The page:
The TAKE with Rick Klein
The young and ascendant left announced its arrival in a few splashy ways this week. Now Democrats are pondering where they will be taken next.
Amazon’s decision to pull its scheduled expansion out of New York City capped a remarkable week for freshman House Democrats and the movement they’re helping to lead. That movement is already drawing backlash -- and helping President Donald Trump frame the kind of re-election race he hopes to run.
In forcing the about-face, Rep. Alexandria Ocasio-Cortez helped beat out the rivalry-turned-partnership of two Democratic titans from their shared home state: Gov. Andrew Cuomo and Mayor Bill de Blasio.
The "Green New Deal" that she and other progressives introduced has become an early marking point for 2020 conversations and a point of mockery from Republicans. It is due for a vote in the Senate, though as a wedge Republicans hope to use against Democrats, not the other way around.
The new Economist cover highlights "The Rise of Millennial Socialism," in both America and Europe, using a label that not all who are leading the movement would quickly reject.
Someone else who might welcome such branding? Trump.
The RUNDOWN with MaryAlice Parks
Washington might have finished the paperwork to avoid another partial government shutdown, but Trump on Thursday made sure that the debate about a border wall was far from over.
By vowing to use executive action, including the possibility of declaring a national emergency, Trump guaranteed the conversations around security, immigration and law enforcement will rage on well into this year and likely into 2020. Worth noting, as Democrats vow to look into the legality around some of his proposed moves, the president did not guarantee more structures necessarily will be built.
With this move, Trump is looking to test the limits of executive power and challenge the fact that the founding fathers explicitly gave Congress, not the president, the power of the purse.
Previous presidents, including President Barack Obama, have pushed boundaries before, of course. Just ask some of the many Republicans still in office about how much they disapproved then.
The TIP with Adam Kelsey
The Democratic National Committee announced Thursday its polling and fundraising thresholds for its first two presidential debates, capping the field at 20 participants who earn at least 1 percent in three polls or receive donations from at least 65,000 unique donors across 20 states.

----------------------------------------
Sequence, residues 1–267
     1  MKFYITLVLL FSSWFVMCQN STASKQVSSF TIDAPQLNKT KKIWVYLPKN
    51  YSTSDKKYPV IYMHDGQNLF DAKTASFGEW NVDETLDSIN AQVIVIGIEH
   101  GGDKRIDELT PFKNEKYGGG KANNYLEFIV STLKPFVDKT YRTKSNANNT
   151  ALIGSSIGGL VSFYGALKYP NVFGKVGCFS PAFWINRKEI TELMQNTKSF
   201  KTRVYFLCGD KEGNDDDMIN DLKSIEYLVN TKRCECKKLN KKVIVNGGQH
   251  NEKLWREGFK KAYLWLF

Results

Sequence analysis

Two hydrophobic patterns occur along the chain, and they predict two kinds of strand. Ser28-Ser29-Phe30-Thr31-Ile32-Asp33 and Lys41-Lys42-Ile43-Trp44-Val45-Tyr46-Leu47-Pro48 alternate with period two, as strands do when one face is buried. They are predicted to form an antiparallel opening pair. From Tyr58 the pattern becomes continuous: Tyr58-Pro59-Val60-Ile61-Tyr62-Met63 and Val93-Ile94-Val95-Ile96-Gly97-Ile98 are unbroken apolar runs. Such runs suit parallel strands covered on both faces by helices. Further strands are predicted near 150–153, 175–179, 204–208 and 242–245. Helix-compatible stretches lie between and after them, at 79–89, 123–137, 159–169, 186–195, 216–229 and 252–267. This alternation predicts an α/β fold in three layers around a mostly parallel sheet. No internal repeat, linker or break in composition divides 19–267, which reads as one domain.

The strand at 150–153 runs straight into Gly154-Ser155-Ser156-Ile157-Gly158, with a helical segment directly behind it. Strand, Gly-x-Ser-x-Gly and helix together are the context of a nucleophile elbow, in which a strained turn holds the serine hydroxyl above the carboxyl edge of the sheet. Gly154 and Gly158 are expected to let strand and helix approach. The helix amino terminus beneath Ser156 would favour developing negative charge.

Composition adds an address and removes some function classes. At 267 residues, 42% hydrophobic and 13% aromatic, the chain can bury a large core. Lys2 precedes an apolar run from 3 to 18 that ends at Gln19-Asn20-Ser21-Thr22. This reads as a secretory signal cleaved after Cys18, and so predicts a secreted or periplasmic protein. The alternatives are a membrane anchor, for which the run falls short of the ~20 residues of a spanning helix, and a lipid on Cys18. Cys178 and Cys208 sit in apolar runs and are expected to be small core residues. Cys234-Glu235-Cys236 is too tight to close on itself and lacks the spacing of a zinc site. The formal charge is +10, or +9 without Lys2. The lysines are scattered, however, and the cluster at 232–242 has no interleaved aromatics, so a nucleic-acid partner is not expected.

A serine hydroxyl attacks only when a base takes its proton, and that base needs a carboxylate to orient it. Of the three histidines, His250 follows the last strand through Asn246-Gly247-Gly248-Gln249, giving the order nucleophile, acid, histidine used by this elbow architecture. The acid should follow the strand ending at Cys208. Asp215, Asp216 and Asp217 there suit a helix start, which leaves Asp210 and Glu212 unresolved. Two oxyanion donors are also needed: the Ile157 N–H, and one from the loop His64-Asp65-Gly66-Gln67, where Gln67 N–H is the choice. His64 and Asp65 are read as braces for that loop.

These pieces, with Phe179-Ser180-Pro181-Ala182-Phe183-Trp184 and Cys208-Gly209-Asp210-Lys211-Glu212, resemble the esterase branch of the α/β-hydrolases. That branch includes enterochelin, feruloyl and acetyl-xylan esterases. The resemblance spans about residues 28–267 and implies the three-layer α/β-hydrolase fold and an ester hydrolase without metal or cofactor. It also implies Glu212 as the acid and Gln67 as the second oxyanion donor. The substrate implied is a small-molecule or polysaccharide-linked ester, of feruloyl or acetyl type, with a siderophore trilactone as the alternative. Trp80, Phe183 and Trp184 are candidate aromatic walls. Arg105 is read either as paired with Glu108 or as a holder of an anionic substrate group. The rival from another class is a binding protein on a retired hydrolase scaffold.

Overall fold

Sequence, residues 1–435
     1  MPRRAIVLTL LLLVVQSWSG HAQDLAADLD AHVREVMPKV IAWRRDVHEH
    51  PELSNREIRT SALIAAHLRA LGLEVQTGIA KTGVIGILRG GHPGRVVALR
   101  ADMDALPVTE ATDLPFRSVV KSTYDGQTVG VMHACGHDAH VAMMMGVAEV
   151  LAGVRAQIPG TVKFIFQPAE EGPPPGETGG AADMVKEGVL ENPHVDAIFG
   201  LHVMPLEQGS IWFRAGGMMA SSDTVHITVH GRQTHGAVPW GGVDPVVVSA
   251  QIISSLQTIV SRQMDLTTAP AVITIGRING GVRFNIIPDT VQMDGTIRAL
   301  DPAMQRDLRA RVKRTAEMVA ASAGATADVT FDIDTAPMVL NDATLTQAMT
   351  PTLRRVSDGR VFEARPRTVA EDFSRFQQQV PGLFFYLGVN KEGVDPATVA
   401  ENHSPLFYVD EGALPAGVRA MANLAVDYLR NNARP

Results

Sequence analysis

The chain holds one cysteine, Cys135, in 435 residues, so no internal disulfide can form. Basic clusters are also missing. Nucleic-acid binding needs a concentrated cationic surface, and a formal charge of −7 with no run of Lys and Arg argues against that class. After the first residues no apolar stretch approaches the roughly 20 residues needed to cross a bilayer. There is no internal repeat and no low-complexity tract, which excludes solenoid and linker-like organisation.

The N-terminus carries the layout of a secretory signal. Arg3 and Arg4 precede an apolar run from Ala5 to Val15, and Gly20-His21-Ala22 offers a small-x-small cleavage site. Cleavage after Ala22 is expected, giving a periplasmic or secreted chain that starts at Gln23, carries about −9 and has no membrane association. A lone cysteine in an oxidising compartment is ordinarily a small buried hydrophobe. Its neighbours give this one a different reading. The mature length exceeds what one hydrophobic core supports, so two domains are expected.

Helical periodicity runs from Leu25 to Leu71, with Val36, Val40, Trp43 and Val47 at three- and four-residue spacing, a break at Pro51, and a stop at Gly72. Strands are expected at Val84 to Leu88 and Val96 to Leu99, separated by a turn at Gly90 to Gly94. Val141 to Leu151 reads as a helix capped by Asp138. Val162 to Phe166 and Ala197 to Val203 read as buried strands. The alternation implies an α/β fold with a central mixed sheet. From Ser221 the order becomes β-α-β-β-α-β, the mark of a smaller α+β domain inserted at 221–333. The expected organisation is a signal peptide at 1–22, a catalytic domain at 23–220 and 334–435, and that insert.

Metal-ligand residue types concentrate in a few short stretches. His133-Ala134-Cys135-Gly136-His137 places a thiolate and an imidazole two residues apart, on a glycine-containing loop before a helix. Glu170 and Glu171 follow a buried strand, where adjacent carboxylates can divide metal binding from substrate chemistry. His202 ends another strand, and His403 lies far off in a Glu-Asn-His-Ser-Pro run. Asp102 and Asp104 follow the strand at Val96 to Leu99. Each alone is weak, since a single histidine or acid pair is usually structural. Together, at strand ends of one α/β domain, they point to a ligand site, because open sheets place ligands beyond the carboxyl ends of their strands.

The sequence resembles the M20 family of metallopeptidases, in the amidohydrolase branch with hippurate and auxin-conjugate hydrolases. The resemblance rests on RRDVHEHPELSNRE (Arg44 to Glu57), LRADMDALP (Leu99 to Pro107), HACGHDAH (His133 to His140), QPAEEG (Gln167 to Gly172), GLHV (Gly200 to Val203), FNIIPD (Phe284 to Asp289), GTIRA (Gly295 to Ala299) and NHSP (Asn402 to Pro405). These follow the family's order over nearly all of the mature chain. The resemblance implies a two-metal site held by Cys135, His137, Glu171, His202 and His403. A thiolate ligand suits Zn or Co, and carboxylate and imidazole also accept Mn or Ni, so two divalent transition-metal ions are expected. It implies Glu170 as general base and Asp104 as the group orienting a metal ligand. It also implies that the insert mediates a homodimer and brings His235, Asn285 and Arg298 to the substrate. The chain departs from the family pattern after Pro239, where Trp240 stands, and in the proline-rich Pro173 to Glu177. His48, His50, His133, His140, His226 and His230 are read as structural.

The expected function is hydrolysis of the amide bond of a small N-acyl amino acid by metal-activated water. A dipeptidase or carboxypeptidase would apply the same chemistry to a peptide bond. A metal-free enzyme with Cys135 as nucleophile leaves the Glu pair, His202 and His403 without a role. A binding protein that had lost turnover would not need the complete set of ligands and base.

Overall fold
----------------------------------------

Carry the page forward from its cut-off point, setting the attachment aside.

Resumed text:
The latter criteria would seem to vindicate some of the race's first entrants, including below-the-radar candidates like former Maryland Rep. John Delaney and entrepreneur Andrew Yang, who have each been in the race since 2017 and received some mockery for their early bids.
While the polling threshold requires the 1 percent be acquired in surveys taken in 2019, the start date on attracting donors is simply the launch of one's campaign or exploratory committee, giving Delaney and Yang a year-plus headstart on making the debate stage.
But on the flipside, the requirement may now force the hands of potential candidates who have thus far avoided the early rush. For someone like Montana Gov. Steve Bullock, who reportedly wants to wait for the end of the state's legislative session in May to get in the race, it would take a fast and furious effort to corral donors with just a month to spare.
ONE MORE THING
The judge who earlier this week ruled that former Trump campaign chairman Paul Manafort was in breach of his plea agreement is no stranger to special counsel cases -- she has presided over matters related to six of them. Get to know Judge Amy Berman Jackson.
ABC News' "Start Here" Podcast. Friday morning’s episode features ABC News Senior National Correspondent Terry Moran and ABC News Senior Congressional Correspondent Mary Bruce as they analyze Trump’s decision to declare a national emergency in order to obtain border wall funding. Then, ABC News Senior Washington reporter Devin Dwyer explains why some Americans are seeing less money in their tax refunds this year. http://apple.co/2HPocUL
FiveThirtyEight’s "Politics Podcast." ABC News’ partner FiveThirtyEight reacts to the news that Trump plans to sign a bipartisan budget deal and declare a national emergency to build a wall at the southern border. Vox Senior Correspondent Dara Lind also joins the podcast to discuss the contours of the border security deal Trump plans to sign. https://53eig.ht/2BxH8BV
WHAT YOU NEED TO KNOW TODAY
The Note is a daily ABC News feature that highlights the key political moments of the day ahead. Please check back Monday for the latest.